Discrimination in the workplace occurs anytime your employer treats you differently than the other employees because of some "protected characteristic."  These characteristics include your race, religion, color, national origin, ancestry, sexual orientation, care-giving status, marital status, gender, age, and/or disability or perceived disability.  If you are fired, disciplined, or otherwise treated differently by your employer because of these characteristics, you may have a discrimination claim.


Harassment in the workplace occurs when your employer severely mistreats or wrongs you while you are doing your job.  The types of conduct recognized as harassment under the law are fairly broad and can include the following: yelling, screaming, using profanity, using racial epithets or slurs, staring, leering, sexual gestures, sexual innuendos, exceedingly difficult work assignments, unwanted touching, threats, offensive drawing or cartoons, and offensive jokes or comments.  Conduct that occurs repeatedly and actions taken by a supervisor are more likely to be considered harassment under the law.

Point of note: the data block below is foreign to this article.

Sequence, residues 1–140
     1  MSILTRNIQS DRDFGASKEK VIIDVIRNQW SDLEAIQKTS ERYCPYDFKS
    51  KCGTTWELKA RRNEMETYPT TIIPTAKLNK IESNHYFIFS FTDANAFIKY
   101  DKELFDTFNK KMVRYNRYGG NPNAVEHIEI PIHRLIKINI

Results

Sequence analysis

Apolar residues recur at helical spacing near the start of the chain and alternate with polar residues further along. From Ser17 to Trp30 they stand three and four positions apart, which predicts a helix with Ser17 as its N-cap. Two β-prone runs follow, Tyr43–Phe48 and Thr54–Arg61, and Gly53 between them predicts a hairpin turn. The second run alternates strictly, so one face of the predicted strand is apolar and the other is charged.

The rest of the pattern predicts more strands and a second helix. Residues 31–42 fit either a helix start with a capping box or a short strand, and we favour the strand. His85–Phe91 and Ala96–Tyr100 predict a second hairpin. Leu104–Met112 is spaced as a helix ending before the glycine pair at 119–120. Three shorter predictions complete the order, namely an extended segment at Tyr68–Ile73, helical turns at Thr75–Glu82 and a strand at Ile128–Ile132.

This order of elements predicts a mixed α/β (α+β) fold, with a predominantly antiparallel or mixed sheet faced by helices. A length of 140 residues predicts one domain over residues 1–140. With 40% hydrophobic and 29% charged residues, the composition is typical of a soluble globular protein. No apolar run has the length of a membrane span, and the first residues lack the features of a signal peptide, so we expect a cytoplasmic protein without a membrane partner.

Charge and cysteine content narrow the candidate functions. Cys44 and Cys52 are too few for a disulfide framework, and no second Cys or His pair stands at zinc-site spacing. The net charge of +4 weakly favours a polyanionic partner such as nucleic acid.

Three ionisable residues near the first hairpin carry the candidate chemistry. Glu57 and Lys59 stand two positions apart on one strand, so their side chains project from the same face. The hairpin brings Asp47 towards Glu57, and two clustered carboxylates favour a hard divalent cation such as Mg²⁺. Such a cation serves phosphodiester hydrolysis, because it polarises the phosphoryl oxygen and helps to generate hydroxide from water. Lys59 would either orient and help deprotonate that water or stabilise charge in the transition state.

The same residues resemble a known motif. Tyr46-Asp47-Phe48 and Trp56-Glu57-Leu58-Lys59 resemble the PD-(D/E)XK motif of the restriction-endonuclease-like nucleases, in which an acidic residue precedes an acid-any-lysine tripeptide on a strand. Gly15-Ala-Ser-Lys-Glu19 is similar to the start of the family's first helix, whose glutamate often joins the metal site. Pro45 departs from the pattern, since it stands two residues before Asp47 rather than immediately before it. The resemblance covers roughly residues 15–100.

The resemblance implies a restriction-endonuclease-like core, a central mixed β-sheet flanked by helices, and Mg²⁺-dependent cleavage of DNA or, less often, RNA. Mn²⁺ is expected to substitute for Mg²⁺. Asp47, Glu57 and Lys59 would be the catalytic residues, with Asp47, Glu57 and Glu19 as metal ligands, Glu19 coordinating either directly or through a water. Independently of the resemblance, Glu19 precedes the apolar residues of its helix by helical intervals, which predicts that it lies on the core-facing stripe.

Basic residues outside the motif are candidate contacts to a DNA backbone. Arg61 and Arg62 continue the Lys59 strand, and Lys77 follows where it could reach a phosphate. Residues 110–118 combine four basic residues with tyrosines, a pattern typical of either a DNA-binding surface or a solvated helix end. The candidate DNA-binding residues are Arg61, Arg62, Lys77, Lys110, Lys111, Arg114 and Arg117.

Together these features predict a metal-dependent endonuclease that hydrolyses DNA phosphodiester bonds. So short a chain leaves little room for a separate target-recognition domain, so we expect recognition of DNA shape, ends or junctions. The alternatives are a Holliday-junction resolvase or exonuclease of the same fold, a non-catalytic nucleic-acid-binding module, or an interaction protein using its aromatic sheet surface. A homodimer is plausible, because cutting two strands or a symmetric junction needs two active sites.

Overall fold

You are legally protected when you complain to your employer that you believe you have been the vistim of discrimination or harassment.  You are also legally protected when you give testimony or otherwise another employee when he or she has made a compliant of discrimination or harassment.  Your employer may not legally fire you nor take adverse actions against you because you have made a complaint or harassment or discrimination or aided someone who has made these complaints.  If your employer does fire or take action against you for these reasons, you may have a retaliation claim against your employer.

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